Posts posted by DugT
On 11/25/2022 at 6:07 PM, SaschaFranck said:
Regarding the looper: If you have a Floor, LT or Rack, use the 6-switch looper. The 1-switch looper will drive you crazy, I promise.
I have a Helix Floor and I figured out right away that the 6 Switch Looper is best and maybe the easiest to use.
On 11/25/2022 at 5:03 PM, datacommando said:
You didn’t mention what HX hardware you are using, but the solution to anything like this is usually available in the Owner’s Manual for you device.
Helix floor: page 39
https://line6.com/data/6/0a020a3f041b611d61cac763b/application/pdf/Helix 3.0 Owner's Manual - Rev F - English .pdf
Hope this helps/makes sense.
That worked! I've become so accustomed to getting tips and tutorials from youtube and other posts, I forgot about the manual. It explained the looper well and I got it working. Thanks for the help!
On 11/25/2022 at 3:45 PM, datacommando said:
In your original post you said you were looking for a way “to switch amps and other effects to fine tune a tone sounds quick and easy way to compare tones”. The reply posed by @SaschaFranck is exactly what you mentioned. Place a looper block at the start of your signal chain and record into that, then you can change as many amp, cabs, and FX blocks as you wish while the loop plays back. Compare away to your heart’s content.
If you are looking for anything deeper than that, you really need to follow the advice given by @rd2rk in the post above.
Hope this helps/makes sense.
That makes perfect sense. Before replying about the looper method, I thought I should try it. Now for the embarrassing part. I can't figure out how to get the looper to start or stop recording. According to my looking into this, I should assign the looper to a stomp switch but that isn't working. Maybe I switched that ability off in Global Settings. I looked in Global Settings and haven't found a way to fix it. Any ideas?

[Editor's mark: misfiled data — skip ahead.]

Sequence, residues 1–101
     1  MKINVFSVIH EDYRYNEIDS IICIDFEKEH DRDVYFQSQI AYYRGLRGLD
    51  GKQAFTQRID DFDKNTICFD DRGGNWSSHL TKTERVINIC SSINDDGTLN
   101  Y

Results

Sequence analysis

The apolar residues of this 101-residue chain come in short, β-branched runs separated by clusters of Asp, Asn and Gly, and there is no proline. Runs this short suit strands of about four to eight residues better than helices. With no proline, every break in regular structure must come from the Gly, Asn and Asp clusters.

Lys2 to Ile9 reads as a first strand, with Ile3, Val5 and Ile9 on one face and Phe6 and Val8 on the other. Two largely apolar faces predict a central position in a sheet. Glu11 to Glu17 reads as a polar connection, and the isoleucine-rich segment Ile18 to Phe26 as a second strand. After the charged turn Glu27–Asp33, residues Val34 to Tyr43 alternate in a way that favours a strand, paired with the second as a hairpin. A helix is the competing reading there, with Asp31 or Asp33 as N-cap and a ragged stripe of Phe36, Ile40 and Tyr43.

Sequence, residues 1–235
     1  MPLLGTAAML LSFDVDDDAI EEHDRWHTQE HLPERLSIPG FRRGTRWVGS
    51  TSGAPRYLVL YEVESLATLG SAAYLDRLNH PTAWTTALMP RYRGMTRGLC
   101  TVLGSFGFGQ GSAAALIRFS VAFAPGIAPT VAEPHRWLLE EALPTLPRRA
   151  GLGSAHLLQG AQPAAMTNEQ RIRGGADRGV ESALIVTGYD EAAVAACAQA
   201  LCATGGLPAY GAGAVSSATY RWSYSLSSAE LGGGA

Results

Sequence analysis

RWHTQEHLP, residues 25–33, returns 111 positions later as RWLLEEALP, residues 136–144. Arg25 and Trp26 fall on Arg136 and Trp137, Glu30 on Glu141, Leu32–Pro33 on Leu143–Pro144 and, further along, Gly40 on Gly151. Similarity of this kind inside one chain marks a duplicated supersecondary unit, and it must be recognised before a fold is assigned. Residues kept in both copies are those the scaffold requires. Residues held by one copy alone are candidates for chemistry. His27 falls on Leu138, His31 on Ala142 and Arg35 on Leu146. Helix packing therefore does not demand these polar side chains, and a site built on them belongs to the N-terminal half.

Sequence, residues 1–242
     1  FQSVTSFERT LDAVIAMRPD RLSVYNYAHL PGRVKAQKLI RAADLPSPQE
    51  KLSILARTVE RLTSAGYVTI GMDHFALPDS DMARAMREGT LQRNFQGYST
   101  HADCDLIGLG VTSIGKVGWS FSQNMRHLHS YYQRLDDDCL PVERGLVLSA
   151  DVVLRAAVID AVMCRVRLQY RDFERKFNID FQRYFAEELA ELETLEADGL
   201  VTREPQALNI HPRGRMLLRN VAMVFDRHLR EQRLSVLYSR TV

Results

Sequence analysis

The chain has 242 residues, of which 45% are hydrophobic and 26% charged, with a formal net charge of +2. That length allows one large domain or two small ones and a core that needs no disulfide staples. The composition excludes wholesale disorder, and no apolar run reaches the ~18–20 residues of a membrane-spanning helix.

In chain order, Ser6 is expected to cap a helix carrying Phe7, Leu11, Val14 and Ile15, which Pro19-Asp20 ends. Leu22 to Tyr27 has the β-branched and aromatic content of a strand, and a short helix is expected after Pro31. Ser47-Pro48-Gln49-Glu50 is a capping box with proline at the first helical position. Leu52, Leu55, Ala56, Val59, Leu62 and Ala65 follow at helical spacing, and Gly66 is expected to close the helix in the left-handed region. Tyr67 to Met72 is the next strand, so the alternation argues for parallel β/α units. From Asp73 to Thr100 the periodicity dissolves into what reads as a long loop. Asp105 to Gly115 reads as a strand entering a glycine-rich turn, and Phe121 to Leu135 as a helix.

On 11/25/2022 at 12:32 PM, phil_m said:
There are free VST loaders out there that will let you run Native like a standalone app, more or less. So if you don’t want to actually record anything, you could try one of those.
That sounds easy. But, if with VST I can't record and then use Native to change amps, how would it be different than just using Helix Edit?
Using Native to switch amps and other effects to fine tune a tone sounds quick and easy way to compare tones. However, is learning to use a DAW worth the trouble just to use Native? Based on what I've read, all DAWs are difficult and time consuming to learn. I've used Audacity a little and it was a PITA and never sounded good. I'm just a living room player but I do use Helix Edit on my PC.
2 hours ago, craiganderton said:
FWIW regarding value-for-cost, the reason why it's an 320-page eBook and 230 presets/favorites package was because I felt that if someone never read the book but only used the presets, or only read the book and never used the presets, they'd still figure it was worth $19.95. Even beginners can load and enjoy presets, although I believe the "holy grail" is knowing enough to modify presets for a person's individual needs...hence the book.
Some people thought it was a mistake to do a package that combined a book and presets, and that they should have been two separate products for $19.95 each. But, I felt including the presets added value to the book, because people could read about techniques, load presets to hear the techniques, and learn enough to modify the presets if they wanted to put their own spin on things. It seemed like a good idea at the time, but in retrospect I think the book has taken attention away from the presets. Although some of them are designed specifically to complement material in the book, many of them are intended to work as stand-alone presets.